March 2024 Primary Election Wrap-Up


I encourage you to listen to the election wrap-up episode of Mike Bonin’s What Next, LA? podcast for a detailed discussion of every major race in the region. My analysis here will focus mostly on Culver City.

The top story for LA is that, despite having had her district redrawn to gerrymander her supporters and facing a well-funded astroturf operation, Nithya Raman was re-elected. She received over 50% of the votes cast, so she wins outright, without a runoff in November. As Bonin wrote in The Nation, Raman’s first campaign was the prototype of a new LA politics, based on organizing renters and other underrepresented communities. In last month’s newsletter I drew parallels between the backlash Raman faced from LA’s business establishment and what Culver City progressives experienced in 2022. Her victory can inspire us.

The only Culver City item on the primary ballot was Measure E, a school facilities bond, which this Club supported. It passed easily, getting 62% of the votes cast. This also can give us hope for November. Voters seem to have seen through its opponentsbluster. All five School Board members supported Measure E, as did Mayor Yasmine-Imani McMorrin and City Council Members Freddy Puza and Dan O’Brien. Council Member Göran Eriksson was against it, and Albert Vera Jr. did not take a public position. Culver City Democrats United also did not take an official position, but their newsletter published several pieces urging a “no” vote and two of their officers signed the official argument against it. Measure E’s decisive victory is both a positive sign and a gift for progressives, if voters hold School Board and City Council candidates accountable in November for their positions on this measure.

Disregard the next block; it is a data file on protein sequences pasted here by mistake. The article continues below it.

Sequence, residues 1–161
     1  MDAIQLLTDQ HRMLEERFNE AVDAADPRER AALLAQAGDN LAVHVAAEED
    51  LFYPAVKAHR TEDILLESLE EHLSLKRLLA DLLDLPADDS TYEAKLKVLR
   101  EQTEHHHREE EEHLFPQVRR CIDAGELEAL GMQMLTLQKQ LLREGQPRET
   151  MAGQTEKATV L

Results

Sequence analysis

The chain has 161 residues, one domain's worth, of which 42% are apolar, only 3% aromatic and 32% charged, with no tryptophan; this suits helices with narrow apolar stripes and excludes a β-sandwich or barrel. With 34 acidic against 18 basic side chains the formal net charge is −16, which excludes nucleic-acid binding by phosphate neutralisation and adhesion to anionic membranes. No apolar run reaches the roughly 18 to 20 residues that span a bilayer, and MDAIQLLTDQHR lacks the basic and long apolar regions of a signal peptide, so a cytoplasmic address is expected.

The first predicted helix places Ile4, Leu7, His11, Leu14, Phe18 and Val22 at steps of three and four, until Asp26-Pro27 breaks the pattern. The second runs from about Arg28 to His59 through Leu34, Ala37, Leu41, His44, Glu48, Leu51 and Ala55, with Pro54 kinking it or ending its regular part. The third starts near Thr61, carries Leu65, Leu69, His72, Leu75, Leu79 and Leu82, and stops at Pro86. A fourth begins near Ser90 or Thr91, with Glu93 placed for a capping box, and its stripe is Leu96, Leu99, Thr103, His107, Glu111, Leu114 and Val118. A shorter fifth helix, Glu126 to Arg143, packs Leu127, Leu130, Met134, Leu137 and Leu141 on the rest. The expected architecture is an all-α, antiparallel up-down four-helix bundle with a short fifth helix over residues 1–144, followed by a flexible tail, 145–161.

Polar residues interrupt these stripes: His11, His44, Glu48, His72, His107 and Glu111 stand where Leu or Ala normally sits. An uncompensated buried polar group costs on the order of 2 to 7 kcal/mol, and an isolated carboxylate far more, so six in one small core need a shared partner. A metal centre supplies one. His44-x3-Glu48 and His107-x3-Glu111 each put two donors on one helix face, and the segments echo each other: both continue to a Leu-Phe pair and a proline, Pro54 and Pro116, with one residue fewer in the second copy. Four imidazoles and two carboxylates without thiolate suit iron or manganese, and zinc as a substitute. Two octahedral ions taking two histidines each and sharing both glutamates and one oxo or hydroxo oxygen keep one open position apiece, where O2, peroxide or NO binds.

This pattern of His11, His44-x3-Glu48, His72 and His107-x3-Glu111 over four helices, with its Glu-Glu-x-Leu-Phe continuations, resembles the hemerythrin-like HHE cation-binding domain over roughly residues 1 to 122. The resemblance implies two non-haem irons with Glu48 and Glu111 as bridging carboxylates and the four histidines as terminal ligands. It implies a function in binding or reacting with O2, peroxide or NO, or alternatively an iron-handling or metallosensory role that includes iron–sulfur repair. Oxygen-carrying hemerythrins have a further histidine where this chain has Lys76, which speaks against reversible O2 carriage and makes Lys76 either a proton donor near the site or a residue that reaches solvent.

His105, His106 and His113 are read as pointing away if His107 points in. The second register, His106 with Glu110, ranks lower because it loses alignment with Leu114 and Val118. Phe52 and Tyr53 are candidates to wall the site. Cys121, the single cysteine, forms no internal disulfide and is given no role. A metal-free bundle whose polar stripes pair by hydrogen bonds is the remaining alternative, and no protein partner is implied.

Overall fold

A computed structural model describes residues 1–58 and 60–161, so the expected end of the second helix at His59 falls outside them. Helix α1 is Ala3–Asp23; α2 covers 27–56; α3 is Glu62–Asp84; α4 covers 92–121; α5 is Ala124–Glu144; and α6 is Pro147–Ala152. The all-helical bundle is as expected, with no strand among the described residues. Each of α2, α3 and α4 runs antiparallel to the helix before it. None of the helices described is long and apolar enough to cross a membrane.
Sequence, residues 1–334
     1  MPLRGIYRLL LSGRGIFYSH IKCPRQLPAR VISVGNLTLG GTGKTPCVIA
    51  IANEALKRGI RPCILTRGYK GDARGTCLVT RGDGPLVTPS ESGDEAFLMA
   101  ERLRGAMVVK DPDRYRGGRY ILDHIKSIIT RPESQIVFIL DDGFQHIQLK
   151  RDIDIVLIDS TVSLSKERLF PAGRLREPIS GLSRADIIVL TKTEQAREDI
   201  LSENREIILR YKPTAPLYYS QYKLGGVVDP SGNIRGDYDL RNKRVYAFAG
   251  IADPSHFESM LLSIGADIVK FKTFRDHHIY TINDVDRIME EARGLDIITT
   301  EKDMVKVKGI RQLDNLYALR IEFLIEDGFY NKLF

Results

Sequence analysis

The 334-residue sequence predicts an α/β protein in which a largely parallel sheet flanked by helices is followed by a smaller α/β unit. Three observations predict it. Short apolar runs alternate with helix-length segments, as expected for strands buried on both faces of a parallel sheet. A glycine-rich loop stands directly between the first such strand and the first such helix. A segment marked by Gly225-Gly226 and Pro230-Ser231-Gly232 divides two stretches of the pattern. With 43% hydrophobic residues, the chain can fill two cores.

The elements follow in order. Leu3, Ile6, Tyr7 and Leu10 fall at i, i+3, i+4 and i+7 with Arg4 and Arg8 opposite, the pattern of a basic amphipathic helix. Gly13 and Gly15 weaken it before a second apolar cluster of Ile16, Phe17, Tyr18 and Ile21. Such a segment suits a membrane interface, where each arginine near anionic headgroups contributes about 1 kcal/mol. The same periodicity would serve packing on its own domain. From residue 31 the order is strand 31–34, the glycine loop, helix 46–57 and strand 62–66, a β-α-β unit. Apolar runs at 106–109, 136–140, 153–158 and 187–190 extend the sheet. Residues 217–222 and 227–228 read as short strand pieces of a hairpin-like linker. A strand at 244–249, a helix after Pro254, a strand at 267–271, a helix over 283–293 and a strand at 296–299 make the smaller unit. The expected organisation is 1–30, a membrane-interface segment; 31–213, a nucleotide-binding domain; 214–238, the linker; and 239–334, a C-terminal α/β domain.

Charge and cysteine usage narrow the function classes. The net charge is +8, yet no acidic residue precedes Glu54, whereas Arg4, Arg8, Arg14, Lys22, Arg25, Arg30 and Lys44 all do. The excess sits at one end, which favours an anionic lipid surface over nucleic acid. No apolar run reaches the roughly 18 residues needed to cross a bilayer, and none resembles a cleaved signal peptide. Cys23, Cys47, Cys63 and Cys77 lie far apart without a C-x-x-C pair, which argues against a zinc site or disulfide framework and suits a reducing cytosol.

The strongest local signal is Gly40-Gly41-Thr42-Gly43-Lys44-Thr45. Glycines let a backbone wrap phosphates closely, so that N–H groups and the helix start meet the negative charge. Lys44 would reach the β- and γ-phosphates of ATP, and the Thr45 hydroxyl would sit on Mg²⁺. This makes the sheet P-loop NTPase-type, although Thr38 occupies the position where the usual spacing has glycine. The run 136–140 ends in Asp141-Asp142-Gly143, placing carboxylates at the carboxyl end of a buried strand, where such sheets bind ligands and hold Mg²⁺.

For our district’s seven seats on the LA County Democratic Party’s Central Committee, the Club’s endorsed candidates: Freddy Puza, myself, and Leah Pressman, took the top three spots in Culver City, but respectively finished 13th, 10th, and 11th in the district as a whole. For comparison, CCDU’s endorsees Jimmie Woods-Grey, Lindsay Carlson, Darrel Menthe, and Joe Rose were respectively 9th, 10th, 15th, and 16th in Culver City and 4th, 12th, 15th, and 16th in the district. Congratulations to our members Jimmie Woods-Grey, Vilma Dawson, Pam Sparrow, Ilissa Gold, and Sara Roos on being elected to LACDP.

Judicial elections can help gauge the effect of our mailer, since it may be the only printed material local voters get for these races. Our four endorsees fared quite well, with three advancing to a runoff and one winning outright with over 50%.

• For Office 39 George Turner was the top vote-getter, with 42% in Culver City and 32% countywide. He will be in a November runoff.

• For Office 48 Erika Wiley was also the top vote-getter, with 59% in Culver City and 47% countywide. Because she did not break 50% countywide, she too will be in a runoff.

• For Office 97 La Shae Henderson finished second, with 35% in Culver City, and 27% countywide. She will face the first-place candidate in a runoff.